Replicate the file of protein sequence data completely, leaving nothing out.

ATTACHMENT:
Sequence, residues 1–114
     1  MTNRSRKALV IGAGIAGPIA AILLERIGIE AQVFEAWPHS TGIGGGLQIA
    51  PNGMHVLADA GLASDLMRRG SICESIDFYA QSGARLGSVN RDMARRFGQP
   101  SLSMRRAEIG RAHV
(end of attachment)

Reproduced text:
Sequence, residues 1–114
     1  MTNRSRKALV IGAGIAGPIA AILLERIGIE AQVFEAWPHS TGIGGGLQIA
    51  PNGMHVLADA GLASDLMRRG SICESIDFYA QSGARLGSVN RDMARRFGQP
   101  SLSMRRAEIG RAHV